Bird exits Germany, Sweden, Norway and “several dozen” US, EMEA markets • TechCrunch


Bird’s joint mini-mobility company is exiting many markets around the world as it struggles to build an economically viable business, according to regulations. deposit.

Bird said it would “completely exit Germany, Sweden and Norway, as well as ending operations in “dozens of additional, primarily small to mid-sized markets” across the United States, Europe, the Middle East and Africa, according to the company. Bird will not respond to requests for more information. From TechCrunch, so it’s not clear which cities Bird will come out with.However, the only bird market in the Middle East is Israel, and Bird doesn’t appear to be in any African country.

Downsizing comes after a few months Bird laid off 23% of its employees In an effort to become more financially sustainable and achieve profitability. More importantly, Bird really needs to raise its share price before it can be taken down by the New York Stock Exchange. in June, Bird received a warning from the New York Stock Exchange To trade at a very low price. The company has been given six months to return to compliance, which means maintaining an average share price of at least $1 during 30 consecutive trading days and a share value above $1 on the last trading day of that month. At the time, Bird was trading at $0.56. Today, Bird is trading at $0.37 after hours, which, to be fair, is up 1.01%.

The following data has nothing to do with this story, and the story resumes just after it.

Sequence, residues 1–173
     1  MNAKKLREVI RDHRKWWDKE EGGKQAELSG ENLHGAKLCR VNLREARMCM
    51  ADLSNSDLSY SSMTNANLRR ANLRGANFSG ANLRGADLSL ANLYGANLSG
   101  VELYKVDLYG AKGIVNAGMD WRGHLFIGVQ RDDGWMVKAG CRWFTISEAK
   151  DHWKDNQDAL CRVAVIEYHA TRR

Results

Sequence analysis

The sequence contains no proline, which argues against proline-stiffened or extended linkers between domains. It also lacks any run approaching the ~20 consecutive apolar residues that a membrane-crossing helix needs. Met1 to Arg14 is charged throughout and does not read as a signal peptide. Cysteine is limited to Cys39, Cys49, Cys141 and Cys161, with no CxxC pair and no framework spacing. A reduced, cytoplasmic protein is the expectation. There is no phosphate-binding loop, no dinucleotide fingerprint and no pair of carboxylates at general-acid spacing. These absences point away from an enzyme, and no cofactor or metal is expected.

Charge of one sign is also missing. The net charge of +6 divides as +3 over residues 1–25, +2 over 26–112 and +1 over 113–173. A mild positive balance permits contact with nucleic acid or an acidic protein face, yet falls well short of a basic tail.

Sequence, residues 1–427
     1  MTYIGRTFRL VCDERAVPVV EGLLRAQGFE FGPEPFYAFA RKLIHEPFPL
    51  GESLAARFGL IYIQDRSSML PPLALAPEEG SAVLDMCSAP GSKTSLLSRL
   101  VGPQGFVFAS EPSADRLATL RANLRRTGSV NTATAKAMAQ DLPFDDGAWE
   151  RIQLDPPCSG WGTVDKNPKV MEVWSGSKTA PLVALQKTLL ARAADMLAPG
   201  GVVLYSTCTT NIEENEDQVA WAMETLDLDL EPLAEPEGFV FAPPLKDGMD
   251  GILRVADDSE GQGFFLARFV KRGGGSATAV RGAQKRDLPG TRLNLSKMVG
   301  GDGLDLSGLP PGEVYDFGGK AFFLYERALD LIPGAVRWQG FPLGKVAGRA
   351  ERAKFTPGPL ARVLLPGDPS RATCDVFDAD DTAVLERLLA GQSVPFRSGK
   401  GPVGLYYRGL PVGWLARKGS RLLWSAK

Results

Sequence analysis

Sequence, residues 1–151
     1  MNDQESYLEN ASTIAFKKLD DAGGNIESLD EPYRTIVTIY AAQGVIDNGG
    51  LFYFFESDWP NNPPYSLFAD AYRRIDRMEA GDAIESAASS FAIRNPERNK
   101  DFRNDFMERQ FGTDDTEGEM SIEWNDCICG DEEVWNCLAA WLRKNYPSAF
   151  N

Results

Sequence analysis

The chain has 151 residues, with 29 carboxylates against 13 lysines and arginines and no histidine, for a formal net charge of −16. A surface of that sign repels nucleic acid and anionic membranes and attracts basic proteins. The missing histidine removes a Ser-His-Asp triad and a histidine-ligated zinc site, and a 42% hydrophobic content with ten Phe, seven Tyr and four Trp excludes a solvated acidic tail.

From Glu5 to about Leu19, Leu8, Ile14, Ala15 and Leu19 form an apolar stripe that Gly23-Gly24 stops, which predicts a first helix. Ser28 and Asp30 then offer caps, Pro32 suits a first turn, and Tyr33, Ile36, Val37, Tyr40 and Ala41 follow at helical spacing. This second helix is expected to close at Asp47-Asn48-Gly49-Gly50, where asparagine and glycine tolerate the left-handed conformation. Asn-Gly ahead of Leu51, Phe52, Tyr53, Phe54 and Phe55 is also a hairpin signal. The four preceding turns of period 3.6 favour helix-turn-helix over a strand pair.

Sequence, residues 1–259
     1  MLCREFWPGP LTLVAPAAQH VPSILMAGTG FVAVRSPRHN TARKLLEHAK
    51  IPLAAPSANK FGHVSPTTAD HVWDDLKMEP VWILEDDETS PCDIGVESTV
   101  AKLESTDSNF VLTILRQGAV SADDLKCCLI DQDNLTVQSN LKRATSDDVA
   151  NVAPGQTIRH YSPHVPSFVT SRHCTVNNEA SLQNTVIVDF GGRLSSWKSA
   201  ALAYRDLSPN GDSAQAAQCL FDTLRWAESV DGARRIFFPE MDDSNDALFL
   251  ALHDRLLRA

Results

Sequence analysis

in Blog postByrd blamed many of the obstacles on the path to profitability on cities that lack a “strong regulatory framework”. The company said it reviewed its portfolio of cities to weed out those without such a framework — cities with a lot of competition, an oversupply of vehicles and crowded streets.

“In the short term, current macroeconomic conditions have created an environment that requires us to increase our level of fiscal discipline and to clearly distinguish between markets in which we see a near-term path to fully self-sustaining operations, and those that appear to be longer-term and riskier investments,” Bird wrote.

It’s not clear what this will mean for Byrd’s army of fleet managers who will be affected by the change, and Byrd did not respond in time to TechCrunch’s request for comment.

Bird’s fleet managers are primarily fee-paying contractors up front to manage Bird’s motorbike fleets. They mainly pay to rent Bird’s scooters so they can deploy them and earn income, but they are responsible for maintenance, storage, and maintaining adequate insurance coverage. program was Criticize To lure inexperienced contract workers into debt on scooters they would never own.

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